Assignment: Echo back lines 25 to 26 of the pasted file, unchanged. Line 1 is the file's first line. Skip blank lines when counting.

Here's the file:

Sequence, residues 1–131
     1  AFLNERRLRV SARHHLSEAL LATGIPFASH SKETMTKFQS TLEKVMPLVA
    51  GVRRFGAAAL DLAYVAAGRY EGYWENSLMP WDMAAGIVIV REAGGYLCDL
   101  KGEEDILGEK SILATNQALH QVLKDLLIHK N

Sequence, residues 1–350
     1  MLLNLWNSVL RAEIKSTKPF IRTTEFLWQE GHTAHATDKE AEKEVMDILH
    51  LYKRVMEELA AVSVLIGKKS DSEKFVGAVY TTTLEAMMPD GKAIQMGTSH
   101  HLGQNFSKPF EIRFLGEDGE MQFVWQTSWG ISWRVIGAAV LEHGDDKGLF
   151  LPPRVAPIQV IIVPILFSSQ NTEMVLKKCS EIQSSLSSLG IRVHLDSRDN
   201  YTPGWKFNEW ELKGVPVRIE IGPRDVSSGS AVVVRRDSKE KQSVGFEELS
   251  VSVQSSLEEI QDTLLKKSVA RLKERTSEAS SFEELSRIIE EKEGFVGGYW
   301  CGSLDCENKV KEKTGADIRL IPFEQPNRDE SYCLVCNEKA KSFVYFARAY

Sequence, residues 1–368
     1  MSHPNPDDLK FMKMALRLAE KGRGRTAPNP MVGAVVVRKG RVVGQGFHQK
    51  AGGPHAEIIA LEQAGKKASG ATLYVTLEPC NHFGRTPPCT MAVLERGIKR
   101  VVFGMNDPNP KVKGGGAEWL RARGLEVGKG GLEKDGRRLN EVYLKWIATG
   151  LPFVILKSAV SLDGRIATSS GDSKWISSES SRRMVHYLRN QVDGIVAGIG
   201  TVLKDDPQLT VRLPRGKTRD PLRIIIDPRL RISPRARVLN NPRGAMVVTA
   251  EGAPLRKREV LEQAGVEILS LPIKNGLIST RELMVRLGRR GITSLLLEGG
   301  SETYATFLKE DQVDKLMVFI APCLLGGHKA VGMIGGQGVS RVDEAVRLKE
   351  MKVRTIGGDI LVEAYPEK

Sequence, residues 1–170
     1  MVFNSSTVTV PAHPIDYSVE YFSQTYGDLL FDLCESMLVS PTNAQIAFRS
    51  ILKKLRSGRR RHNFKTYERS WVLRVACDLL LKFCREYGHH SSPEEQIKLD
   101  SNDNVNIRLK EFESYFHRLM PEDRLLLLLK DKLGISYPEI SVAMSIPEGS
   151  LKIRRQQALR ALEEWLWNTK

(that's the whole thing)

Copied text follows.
   101  SNDNVNIRLK EFESYFHRLM PEDRLLLLLK DKLGISYPEI SVAMSIPEGS
   151  LKIRRQQALR ALEEWLWNTK